Adding your own GPS data to the iOS Simulator

If you want to simulate GPS data in the iOS simulator you have two choices, Apples ‘real’ data (City run, freeway drive ect) or you can choose a single lat,long to simulate being in a static location, but… what if we want to simulate our own motorcycle ride or boat journey and work with ‘real’ GPS data in the simulator?

My open source tool ‘XJourney‘ (Available HERE) achieves just this. Using XJourney you can put your own GPS data into the iOS simulator to simulate a full GPS Journey just like Apple’s own.

So this article’s aim is to shed some light on how Apple’s GPS test data is stored in the simulator and describe the process that XJourney now automates.

Hit ‘Read More‘ for the full article.


In the iOS simulator we are given a few options to simulate GPS activity.
StockSelection

There isCustom Location‘ but this option only allows us to specify a single lat,long and I want to simulate an entire journey! So I set out to find out how Apple’s test data gets loaded into the simulator.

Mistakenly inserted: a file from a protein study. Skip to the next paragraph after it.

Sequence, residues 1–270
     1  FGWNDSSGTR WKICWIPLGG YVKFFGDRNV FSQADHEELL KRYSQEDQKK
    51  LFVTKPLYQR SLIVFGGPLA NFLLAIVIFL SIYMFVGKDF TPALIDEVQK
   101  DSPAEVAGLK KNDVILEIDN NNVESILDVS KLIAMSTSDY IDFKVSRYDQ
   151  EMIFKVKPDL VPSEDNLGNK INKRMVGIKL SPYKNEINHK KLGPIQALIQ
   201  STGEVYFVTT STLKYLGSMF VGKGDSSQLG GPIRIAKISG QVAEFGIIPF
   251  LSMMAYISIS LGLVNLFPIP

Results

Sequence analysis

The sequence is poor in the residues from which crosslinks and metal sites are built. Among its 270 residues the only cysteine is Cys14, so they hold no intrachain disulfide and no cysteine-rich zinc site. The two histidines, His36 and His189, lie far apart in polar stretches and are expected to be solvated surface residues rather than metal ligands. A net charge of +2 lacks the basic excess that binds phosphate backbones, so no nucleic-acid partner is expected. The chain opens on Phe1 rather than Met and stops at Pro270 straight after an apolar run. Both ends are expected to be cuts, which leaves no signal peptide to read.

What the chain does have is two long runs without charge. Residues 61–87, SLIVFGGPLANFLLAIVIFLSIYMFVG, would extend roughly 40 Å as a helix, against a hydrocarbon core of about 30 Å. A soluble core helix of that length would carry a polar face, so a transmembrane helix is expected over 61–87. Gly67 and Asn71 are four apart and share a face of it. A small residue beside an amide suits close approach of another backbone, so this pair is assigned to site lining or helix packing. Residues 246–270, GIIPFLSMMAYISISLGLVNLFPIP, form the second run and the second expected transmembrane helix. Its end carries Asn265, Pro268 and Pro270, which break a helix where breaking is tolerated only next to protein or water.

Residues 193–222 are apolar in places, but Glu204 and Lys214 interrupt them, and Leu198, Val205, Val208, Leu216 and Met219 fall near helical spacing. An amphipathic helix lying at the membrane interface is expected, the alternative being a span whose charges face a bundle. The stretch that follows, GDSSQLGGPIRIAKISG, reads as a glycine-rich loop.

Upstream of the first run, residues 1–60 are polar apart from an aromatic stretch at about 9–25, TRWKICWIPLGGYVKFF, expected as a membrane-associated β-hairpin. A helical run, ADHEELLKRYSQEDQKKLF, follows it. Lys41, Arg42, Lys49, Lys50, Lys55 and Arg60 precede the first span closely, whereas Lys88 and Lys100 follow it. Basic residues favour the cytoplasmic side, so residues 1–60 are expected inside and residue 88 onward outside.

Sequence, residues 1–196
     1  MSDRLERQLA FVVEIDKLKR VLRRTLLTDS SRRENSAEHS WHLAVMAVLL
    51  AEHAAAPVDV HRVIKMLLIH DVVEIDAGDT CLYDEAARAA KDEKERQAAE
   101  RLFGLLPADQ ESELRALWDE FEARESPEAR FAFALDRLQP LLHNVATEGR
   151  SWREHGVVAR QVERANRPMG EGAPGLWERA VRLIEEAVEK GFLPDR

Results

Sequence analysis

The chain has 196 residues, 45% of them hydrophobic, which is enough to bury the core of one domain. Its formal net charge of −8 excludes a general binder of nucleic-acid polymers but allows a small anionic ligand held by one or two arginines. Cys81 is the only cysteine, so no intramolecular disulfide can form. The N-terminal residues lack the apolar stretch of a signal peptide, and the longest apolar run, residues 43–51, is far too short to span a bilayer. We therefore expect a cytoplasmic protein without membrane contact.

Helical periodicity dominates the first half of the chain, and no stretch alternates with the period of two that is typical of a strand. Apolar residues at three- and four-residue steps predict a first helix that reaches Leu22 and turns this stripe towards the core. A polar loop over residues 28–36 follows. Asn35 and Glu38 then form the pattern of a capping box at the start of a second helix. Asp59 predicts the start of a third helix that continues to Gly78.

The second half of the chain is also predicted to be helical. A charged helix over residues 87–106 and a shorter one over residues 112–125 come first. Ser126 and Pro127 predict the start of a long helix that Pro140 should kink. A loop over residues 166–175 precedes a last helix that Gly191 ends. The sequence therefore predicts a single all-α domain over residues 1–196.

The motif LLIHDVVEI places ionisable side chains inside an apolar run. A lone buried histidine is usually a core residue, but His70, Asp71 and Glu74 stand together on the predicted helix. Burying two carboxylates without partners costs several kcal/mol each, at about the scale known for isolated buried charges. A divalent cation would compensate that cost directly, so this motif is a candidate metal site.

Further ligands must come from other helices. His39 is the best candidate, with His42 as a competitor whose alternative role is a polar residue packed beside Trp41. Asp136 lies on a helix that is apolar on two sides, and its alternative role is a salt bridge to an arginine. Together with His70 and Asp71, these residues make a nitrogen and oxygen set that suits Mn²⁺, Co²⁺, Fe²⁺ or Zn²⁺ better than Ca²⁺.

After a bit of digging we find Apple’s test data is stored as plists inside the iOS simulator bundle,

The location of these is:

Xcode.app/Contents/Developer/Platforms/iPhoneSimulator.platform/Developer/SDKs/iPhoneSimulator.sdk/System/Library/Frameworks/CoreLocation.framework/Support/SimulationScenarios/

AppleFolder

Popping open the ‘Freeway Drive’ plist gave me the following (I’ve removed a few hundred ‘Data’ objects)

<?xml version="1.0" encoding="UTF-8"?>
<!DOCTYPE plist PUBLIC "-//Apple//DTD PLIST 1.0//EN" "http://www.apple.com/DTDs/PropertyList-1.0.dtd">
<plist version="1.0">
<dict>
	<key>Locations</key>
	<array>
		<data>
		YnBsaXN0MDDUAQIDBAUIKClUJHRvcFgkb2JqZWN0c1gkdmVyc2lvblkkYXJj
		aGl2ZXLRBgdUcm9vdIABowkKIVUkbnVsbNsLDA0ODxAREhMUFRYXGBkaGxwd
		Hh8gXxAma0NMTG9jYXRpb25Db2RpbmdLZXlDb29yZGluYXRlTGF0aXR1ZGVf
		ECRrQ0xMb2NhdGlvbkNvZGluZ0tleVZlcnRpY2FsQWNjdXJhY3lfEB1rQ0xM
		b2NhdGlvbkNvZGluZ0tleVRpbWVzdGFtcF8QJmtDTExvY2F0aW9uQ29kaW5n
		S2V5SG9yaXpvbnRhbEFjY3VyYWN5XxAca0NMTG9jYXRpb25Db2RpbmdLZXlM
		aWZlc3Bhbl8QJ2tDTExvY2F0aW9uQ29kaW5nS2V5Q29vcmRpbmF0ZUxvbmdp
		dHVkZV8QGmtDTExvY2F0aW9uQ29kaW5nS2V5Q291cnNlXxAca0NMTG9jYXRp
		b25Db2RpbmdLZXlBbHRpdHVkZV8QGWtDTExvY2F0aW9uQ29kaW5nS2V5U3Bl
		ZWRWJGNsYXNzXxAYa0NMTG9jYXRpb25Db2RpbmdLZXlUeXBlI0BCqupIiK/n
		I7/wAAAAAAAAI0Gy071oTZFoI0AUAAAAAAAAI0A+AAAAAAAAI8BeghVAI1ul
		I0BmR64UeuFIIwAAAAAAAAAAIz/6uFHrhR64gAIQAdIiIyQnWCRjbGFzc2Vz
		WiRjbGFzc25hbWWiJSZaQ0xMb2NhdGlvblhOU09iamVjdFpDTExvY2F0aW9u